State v. Childers, 74 N.C. 180 (1876)

Jan. 1876 · Supreme Court of North Carolina
74 N.C. 180


Upon the trial of an indictment for larceny: It was held, that it was not error in the court below to ch¡r ;e the jury, -‘That all the evidence introduced (the defendant having introduced no evidence) was intended by tin S ato’s attorney to prove to them that the defendant feloniously stc le, took and carried away, the money of A. R & Son, charged in the bill of indictment, and that was the question for them to determine; that if the evidence satisfied them that he did, then their verdict should be ‘guilty;’ but if the evidence did not so satisfy them, then their verdict should be ‘not guilty.7 ”

INDICTMENT for Larceny, tried before Furohes, F., at Fall Term, 1875, of Wilkes Superior Court.

It was in evidence that there was a firm engaged in merchandizing in the town of Willcesboro, under the name and style of “A. Rosseau & Son.” The store honse was on a corner and a door opened on each street.

J". 0. Rosseau testified, that he, one Woodruff, the defendant and another person were in the store, when he, the witness went out at the west door to buy some wheat, and directly Woodruff, who was his clerk, and the other person came out of the store and went to the lumber room, and left no one in the store except the defendant. He saw several persons on the porch beyond the door on the south side of the store house. He remained in front of the door on the west side, where he could see the south door, and that no one was in the store after Woodruff left, except the defendant, until he returned. He remained out about six or eight minutes after Woodruff left, when he stepped in at the west door and defendant was either standing in or in the act of stepping out at the south door. Soon after going in he went to the money draw and found that several dollars of fractional currency were missing. After making inquiry he suspected that the defendant took the money, and he thereupon called the defendant from off the porch back into the counting room, and at the same time called *181in one McLean and stated to the defendant that he had missed some money and had reason to think that he took it, and would not be satisfied until he searched him. The defendant said he did not have the money. Rosseau insisted on his being searched. The defendant at first refused, and said after being asked, that he had but one dollar, and that he too, did not know how much he had. That he left home with $2.50, and had been spending some that day.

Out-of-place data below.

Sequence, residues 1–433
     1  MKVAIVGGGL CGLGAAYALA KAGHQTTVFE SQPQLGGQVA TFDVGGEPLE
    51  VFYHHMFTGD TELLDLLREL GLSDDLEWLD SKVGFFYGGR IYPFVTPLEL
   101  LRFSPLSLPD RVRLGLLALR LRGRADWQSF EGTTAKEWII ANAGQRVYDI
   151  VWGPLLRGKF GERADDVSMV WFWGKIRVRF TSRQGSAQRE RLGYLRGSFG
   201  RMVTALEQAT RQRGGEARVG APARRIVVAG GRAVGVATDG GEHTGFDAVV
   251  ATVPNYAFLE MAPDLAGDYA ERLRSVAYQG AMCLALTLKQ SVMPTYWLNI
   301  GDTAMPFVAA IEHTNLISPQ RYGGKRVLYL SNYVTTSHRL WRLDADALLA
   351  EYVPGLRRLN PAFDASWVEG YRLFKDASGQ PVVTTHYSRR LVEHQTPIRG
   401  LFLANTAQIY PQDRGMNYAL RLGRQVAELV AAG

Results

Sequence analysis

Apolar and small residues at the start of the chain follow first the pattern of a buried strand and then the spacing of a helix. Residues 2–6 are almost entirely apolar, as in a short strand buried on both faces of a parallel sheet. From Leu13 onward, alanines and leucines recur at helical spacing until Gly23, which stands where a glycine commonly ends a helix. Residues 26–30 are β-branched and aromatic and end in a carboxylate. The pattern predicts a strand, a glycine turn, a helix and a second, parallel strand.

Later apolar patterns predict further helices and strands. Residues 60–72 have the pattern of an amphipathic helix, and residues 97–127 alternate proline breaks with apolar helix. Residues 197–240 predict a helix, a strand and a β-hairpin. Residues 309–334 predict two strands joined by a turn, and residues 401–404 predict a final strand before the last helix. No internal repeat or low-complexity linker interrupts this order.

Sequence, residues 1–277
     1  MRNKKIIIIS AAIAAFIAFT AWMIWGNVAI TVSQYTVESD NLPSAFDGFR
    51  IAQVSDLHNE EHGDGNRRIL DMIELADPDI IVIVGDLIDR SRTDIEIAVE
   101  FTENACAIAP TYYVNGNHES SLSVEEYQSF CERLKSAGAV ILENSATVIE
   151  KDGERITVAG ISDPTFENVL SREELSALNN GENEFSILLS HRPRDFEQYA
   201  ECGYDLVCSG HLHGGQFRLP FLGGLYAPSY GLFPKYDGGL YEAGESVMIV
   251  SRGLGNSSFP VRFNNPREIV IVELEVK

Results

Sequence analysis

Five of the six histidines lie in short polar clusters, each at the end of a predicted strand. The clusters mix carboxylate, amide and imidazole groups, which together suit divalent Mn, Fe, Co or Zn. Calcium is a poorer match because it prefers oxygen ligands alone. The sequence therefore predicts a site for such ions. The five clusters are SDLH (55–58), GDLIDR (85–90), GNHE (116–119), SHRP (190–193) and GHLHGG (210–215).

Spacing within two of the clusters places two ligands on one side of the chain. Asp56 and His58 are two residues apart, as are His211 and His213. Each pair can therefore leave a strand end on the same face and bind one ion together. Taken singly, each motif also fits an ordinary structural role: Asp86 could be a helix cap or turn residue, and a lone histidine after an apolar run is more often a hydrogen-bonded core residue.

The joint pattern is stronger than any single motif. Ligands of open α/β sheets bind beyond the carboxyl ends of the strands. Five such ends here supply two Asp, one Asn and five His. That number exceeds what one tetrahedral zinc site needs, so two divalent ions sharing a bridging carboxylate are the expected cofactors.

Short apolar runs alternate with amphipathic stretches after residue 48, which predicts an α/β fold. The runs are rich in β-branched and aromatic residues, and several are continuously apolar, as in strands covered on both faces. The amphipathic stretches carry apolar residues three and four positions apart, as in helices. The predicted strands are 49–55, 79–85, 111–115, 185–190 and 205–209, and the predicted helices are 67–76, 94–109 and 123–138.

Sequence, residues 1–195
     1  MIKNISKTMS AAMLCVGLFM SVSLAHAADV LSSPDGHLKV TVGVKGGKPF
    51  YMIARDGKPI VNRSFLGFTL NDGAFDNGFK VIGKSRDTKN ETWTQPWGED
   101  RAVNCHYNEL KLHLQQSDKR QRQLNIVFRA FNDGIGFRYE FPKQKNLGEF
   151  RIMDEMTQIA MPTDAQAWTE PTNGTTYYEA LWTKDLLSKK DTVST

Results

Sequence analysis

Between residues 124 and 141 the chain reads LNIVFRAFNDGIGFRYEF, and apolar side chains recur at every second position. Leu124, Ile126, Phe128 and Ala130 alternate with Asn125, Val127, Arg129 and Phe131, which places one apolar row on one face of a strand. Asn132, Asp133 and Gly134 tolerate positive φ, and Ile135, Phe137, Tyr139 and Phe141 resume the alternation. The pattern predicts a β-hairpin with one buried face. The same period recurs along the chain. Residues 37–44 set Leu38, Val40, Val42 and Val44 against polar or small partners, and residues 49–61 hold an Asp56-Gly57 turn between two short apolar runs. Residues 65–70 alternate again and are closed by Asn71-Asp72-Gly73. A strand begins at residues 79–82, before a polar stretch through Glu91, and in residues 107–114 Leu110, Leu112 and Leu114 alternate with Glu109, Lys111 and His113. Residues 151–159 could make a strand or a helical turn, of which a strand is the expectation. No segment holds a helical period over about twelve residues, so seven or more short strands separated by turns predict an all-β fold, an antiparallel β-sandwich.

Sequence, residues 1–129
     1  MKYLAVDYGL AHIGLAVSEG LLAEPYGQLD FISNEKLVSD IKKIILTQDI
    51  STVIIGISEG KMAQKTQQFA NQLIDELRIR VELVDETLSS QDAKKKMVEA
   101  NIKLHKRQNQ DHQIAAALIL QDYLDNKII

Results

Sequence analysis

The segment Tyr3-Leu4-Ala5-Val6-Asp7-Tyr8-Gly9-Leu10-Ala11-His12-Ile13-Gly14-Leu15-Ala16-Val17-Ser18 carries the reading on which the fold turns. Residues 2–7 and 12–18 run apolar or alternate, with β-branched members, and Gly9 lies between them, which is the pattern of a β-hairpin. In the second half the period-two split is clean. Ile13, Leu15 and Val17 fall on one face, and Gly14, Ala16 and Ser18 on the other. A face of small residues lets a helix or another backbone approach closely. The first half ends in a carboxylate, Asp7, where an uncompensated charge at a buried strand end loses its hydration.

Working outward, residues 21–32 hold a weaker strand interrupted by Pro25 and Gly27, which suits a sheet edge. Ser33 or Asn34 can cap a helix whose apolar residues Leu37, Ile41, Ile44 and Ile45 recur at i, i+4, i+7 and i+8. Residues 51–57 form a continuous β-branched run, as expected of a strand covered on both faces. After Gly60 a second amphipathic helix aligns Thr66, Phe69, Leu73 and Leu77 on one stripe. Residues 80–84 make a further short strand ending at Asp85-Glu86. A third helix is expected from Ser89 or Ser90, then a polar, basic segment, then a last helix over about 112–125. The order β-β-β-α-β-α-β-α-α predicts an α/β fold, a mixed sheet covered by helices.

Rosseau then called in the sheriff and others -and stated what was the matter, and sat down on the head of the bed, the defendant sat near the foot of the bed. While sitting there several persons were standing aroun l, near the defendant, and the Sheriff told him that he was under arrest and must-be searched. The defendant at first refused, but not long after got up, pulled his knife and some strings out of one pocket and.threw them on the bed, and told them to search him. In the bunch of strings there was four ten-cent pieces. They searched him and found no money except these ten-cent pieces. Rosseau stated that he did not see him take the money, nor did he see him have it at any time. That he could not see the defendant from where he was, at the west door.